Columbia/Legacy's 2001 release The Best of Eddie Money supplants the earlier 1989 collection Greatest Hits: The Sound of Money as the best overview of Money's career. Again, it's not sequenced chronologically, nor is it as tight as it should have been (Money is somebody who would really sound terrific on an eight- or ten-song collection), but it's very good all the same, containing all of his big hits, plus live versions of "Rock and Roll the Place" and "No Control" previously only available on a promo EP. So, even if it's not perfect, it will still satisfy the needs of most Money fans.
The Blues Masters series, much to Rhino`s credit, adopts an expansive definition of blues, allowing the likes of Count Basie, Blind Lemon Jefferson, Muddy Waters and even Louis Prima admission. There is none of the purist`s quibbling over strict 12-bar form or the relative significance of prewar and postwar styles.
What Rhino delivers instead is the blues in all its myriad guises. This music is old and new, black and white, acoustic and electric, folksy and jazzy, performed by women and men, and yet it is all still blues at its core.
Eddie Money album Ready Eddie is a good music album, Ready Eddie release at May 18, 1999. Featuring a very tight band, and the guitar talents of Survivor's Frankie Sullivan, 1999's 'Ready Eddie' is one of Eddie Money's best albums ever, featuring a collection of hard-driving rock'n'roll songs that only dreams are made of. It's hard to name a favorite here since all the songs count!
"Shakin' with the Money Man" is a latter-day, live recording from Eddie Money that finds him running through his biggest hits - "Two Tickets to Paradise," "Shakin'," "Baby Hold On," "Wanna Go Back," "Take Me Home Tonight" - for an appreciative audience. In addition to the hits, he throws in a couple of lesser-known tunes, recent numbers, and a holiday song to keep the diehards happy.
"Love And Money" is the ninth studio album by rock artist Eddie Money. This 1995 release is like a valentine from Eddie. Lots of beautiful love songs. It was just pretty much invisible in the mid-nineties grunge era. It is just as good as any of Eddie's other CD's.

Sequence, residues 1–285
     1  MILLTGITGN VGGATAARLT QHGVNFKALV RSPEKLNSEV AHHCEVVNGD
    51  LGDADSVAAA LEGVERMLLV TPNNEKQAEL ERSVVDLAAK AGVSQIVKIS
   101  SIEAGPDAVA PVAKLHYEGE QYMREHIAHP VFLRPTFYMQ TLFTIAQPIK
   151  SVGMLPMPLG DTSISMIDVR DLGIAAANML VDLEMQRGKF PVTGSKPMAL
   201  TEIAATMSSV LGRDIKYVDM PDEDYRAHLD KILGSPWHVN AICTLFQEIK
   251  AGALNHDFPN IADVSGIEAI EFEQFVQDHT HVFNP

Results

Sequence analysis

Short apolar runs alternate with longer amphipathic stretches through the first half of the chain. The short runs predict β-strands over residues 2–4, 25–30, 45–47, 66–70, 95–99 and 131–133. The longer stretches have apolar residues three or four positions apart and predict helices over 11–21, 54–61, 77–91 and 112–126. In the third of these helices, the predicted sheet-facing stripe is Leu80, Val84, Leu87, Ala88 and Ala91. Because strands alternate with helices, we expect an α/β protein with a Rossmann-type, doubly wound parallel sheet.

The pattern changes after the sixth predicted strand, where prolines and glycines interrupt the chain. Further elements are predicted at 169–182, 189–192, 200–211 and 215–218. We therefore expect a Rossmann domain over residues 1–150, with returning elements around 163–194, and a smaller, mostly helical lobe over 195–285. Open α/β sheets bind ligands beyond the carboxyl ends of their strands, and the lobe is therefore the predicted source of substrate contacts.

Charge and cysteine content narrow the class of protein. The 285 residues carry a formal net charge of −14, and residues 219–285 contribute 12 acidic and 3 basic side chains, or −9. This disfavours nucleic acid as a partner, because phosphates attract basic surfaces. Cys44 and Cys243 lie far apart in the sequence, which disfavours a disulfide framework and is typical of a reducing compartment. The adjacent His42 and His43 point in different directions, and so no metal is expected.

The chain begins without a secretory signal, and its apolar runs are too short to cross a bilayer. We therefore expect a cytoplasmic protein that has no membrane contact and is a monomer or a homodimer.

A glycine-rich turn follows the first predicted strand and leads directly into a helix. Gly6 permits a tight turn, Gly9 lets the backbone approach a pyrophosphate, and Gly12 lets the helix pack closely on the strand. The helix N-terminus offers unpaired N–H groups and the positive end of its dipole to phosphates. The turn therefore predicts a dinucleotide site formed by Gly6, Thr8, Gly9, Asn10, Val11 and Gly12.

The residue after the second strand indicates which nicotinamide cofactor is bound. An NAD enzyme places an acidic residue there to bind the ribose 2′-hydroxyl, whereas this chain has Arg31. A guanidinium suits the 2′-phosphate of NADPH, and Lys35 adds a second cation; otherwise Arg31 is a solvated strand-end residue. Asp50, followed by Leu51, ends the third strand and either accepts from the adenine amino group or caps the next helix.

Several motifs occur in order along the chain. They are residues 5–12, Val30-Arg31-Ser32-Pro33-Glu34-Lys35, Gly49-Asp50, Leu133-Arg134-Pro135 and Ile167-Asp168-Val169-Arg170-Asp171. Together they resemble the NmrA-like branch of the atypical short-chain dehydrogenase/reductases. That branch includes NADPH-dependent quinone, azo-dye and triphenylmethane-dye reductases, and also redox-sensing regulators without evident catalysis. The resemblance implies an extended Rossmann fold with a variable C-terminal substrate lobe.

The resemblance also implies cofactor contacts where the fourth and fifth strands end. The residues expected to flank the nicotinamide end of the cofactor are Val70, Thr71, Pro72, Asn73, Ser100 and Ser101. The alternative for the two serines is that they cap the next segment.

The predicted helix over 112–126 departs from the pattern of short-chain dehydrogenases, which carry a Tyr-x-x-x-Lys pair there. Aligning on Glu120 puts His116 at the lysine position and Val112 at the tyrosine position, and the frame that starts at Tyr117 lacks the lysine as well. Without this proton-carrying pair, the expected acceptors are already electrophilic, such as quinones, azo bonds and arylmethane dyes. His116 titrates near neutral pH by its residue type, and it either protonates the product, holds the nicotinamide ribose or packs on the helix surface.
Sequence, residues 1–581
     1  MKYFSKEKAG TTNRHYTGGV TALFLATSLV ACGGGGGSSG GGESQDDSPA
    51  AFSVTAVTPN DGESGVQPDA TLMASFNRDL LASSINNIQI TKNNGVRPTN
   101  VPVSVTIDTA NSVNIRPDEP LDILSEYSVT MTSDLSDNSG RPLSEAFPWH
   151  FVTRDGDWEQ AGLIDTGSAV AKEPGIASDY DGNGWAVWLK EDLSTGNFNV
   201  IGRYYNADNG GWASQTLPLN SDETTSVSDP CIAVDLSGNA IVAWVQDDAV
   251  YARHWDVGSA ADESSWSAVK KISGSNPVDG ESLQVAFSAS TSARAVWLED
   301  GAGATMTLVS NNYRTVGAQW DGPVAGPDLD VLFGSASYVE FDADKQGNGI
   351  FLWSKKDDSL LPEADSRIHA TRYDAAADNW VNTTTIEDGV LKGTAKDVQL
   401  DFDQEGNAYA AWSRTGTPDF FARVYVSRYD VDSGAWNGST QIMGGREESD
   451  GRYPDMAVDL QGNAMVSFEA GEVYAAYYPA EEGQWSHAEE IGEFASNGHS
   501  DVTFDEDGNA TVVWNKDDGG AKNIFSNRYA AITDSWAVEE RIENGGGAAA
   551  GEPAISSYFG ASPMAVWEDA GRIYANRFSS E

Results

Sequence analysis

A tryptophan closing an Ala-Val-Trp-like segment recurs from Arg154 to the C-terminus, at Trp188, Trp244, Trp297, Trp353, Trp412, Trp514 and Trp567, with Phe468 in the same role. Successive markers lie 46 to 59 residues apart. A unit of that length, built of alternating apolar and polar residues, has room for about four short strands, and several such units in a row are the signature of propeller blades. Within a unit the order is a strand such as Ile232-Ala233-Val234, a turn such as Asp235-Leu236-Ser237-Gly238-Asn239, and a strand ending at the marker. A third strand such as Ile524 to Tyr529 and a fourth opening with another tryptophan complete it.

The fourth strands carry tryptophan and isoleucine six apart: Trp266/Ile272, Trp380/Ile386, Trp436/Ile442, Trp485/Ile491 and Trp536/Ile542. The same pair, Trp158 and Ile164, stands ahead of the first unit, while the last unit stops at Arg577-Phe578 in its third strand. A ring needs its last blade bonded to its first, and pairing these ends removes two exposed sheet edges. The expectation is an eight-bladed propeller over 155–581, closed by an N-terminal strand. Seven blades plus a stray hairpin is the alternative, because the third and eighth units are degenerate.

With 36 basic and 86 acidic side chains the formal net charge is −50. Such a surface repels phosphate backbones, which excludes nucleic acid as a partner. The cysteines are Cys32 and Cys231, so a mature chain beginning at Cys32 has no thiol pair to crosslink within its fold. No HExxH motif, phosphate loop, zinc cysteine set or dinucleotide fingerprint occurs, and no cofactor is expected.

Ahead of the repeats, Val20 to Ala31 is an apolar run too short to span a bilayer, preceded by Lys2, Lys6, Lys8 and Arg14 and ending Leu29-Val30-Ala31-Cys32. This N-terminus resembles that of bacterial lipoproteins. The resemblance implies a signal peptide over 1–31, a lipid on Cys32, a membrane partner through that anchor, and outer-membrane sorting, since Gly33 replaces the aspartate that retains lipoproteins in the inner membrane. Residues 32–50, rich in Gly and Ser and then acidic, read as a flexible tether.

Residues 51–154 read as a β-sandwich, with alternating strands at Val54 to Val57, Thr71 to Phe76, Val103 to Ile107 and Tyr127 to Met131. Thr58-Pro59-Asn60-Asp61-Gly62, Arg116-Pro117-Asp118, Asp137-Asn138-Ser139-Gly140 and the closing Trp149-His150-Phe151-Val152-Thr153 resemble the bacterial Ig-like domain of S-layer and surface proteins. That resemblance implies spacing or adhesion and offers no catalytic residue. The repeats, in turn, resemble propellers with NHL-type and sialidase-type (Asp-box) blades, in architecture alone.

"Unplug It In" is an acoustic EP by Eddie Money, released in 1992. Recorded at Back Alley, Houston, TX on may 14, 1992; The Backroom, Austin, TX on may 15, 1992. Eddie Money was one of the first rockers to make an attempt to capitalize on MTV's successful Unplugged series. Like any "unplugged" recording, the album features a collection of the rocker's biggest hits performed acoustically.
"Right Here" is Eddie Money's eighth album, released in 1991. His version of the song peaked at #58 on on the Billboard Hot 100 and #6 on Billboard’s Mainstream Rock Songs chart in 1991. The video for "I'll Get By" is dedicated to producer Bill Graham who worked with Money on previous projects.
"Nothing to Lose" is Eddie Money's seventh album, released in 1988. The top-ten hit "Walk on Water" featured a guest appearance from original band member Jimmy Lyon on lead guitar. Throughout his career, Eddie Money has followed a successful album with another record that sounded remarkably similar to its predecessor and Nothing to Lose was no exception to the rule.
For Eddie, every move was calculated for maximum commercial impact, which more often than not meant wrapping his raspy voice around the best songs possible. "Can't Hold Back" was Eddie Money's sixth album and the first to be produced by Richie Zito, a man with an impressive resume, including crafting records by Cheap Trick, Heart, Bad English and the Cult. Issued in 1986, the album moved Eddie's career firmly back in the spotlight, giving rise to no less than three hit singles, including "I Wanna Go Back" and "Endless Nights". It contains Money's biggest hit, "Take Me Home Tonight" which helped bring Ronnie Spector back to the spotlight. The album has been certified platinum.
"Special Deluxe Collector s Edition / Fully remastered sound shaped from 24 BIT digital technology / Classic AOR produced by Ron Nevison (Heart, Survivor, UFO). EDDIE MONEY's first two albums certainly set the scene: panoramic melodic hard rock filled with memorable hooks supporting an instantly identifiable rasp. It was a tailor made sound that perfectly fitted the American airwaves sitting comfortably besides music from the likes of Boston, Foreigner and Journey. A reliable style that served Eddie well and it was masterfully replicated on this, his third, album.